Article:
US spending deal: More military funds, none for border wall


US spending deal: More military funds, none for border wall

Washington (AFP) – US congressional leaders on Monday unveiled a bipartisan deal funding government through September, with a compromise that includes President Donald Trump’s call for increased military spending but ignores his demand to fund a border wall.

The agreement was struck late Sunday after weeks of tense negotiations that saw the threat of a government shutdown emerge just as Trump was to mark his 100th day in office.

Congress is expected to vote this week on the new bill, which provides $1.163 trillion in overall federal spending, ahead of a Friday night deadline when government funding would expire absent a new agreement.

The leaders in the Republican-controlled Congress will need support from Democrats in the Senate in order to pass the legislation. The opposition party has hailed the spending bill as a victory because it includes no money for Trump’s border wall.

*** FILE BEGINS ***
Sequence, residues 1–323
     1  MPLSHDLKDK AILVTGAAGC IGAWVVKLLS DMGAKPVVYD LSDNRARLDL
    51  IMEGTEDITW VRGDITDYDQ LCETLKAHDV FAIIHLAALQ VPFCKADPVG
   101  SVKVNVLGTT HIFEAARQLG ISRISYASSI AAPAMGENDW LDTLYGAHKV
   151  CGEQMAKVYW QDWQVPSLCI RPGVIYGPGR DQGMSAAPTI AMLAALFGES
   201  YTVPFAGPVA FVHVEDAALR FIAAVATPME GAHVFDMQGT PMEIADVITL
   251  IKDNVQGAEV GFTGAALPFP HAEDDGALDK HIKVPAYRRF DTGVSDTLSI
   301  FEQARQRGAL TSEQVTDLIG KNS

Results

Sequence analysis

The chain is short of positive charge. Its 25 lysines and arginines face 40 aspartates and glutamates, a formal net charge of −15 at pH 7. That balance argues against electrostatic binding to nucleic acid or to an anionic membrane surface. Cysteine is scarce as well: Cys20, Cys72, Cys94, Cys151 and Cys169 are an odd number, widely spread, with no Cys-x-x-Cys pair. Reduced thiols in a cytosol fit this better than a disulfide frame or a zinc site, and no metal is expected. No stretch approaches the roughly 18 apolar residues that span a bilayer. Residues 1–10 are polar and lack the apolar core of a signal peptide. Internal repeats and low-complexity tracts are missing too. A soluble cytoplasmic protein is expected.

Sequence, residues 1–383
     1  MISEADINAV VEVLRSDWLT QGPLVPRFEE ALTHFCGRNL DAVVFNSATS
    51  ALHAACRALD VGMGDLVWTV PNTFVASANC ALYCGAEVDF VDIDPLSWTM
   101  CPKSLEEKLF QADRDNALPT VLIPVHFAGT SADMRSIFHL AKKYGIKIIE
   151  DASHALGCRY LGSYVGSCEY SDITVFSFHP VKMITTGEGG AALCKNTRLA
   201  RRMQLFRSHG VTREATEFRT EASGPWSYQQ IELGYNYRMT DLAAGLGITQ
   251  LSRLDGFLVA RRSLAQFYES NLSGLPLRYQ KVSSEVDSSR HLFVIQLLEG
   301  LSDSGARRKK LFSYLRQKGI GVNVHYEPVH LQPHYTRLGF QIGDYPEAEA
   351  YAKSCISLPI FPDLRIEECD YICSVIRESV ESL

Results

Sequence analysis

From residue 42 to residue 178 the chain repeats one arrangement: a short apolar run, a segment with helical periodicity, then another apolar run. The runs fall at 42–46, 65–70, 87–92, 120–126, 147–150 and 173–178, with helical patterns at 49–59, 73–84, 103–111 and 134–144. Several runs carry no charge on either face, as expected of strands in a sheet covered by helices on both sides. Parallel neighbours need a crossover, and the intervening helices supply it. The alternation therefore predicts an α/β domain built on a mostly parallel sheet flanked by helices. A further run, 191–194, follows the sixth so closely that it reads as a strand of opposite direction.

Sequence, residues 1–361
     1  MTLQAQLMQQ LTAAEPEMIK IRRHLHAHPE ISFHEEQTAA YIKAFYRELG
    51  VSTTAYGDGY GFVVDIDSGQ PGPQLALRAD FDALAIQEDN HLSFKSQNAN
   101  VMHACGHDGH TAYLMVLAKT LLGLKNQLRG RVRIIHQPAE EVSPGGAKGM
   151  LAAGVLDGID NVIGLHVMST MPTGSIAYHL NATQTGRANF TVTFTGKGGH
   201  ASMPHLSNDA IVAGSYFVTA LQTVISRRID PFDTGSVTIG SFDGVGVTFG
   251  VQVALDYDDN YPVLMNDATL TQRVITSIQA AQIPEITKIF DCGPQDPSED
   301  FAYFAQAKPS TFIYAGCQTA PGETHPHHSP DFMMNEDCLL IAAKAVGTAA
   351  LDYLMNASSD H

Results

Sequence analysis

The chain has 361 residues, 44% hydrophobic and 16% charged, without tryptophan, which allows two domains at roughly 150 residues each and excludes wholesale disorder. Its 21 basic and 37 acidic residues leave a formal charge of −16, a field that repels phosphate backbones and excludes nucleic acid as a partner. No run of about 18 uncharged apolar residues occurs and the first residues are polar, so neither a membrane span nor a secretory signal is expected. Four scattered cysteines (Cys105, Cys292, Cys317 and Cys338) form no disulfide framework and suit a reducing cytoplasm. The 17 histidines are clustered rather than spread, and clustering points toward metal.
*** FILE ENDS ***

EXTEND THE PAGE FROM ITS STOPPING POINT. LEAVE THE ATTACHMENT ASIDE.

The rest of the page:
Trump made building the wall along the southern US border with Mexico one of the primary pledges of his presidential campaign, insisting it would begin within his first 100 days, a milestone that came and went on Saturday.

But Republicans are pleased because the bill adds some $1.5 billion in funding for other security efforts along the nearly 2,000-mile (3,218-kilometer) border, and boosts military spending. 

Of the trillion dollars in the bill’s discretionary spending, $598.5 billion is slated for defense — an increase of $25 billion, or 4.5 percent, above fiscal year 2016 levels.

The deal makes America “stronger and safer,” House Speaker Paul Ryan said in statement, because “it acts on President Trump’s commitment to rebuild our military for the 21st century and bolster our nation’s border security to protect our homeland.”

The measure adds $2 billion in new funding for the National Institutes of Health.

It also maintains 99 percent of federal spending for the Environmental Protection Agency. Trump had proposed slashing EPA funds by more than 30 percent, a cut that would have led to thousands of job losses and reduced critical programs like grants for public water systems.

The agreement would keep federal operations running through September 30, the end of the fiscal year.

Lawmakers increase military spending in a deal to fund the US government through September
Copyright AFP/File SAUL LOEB


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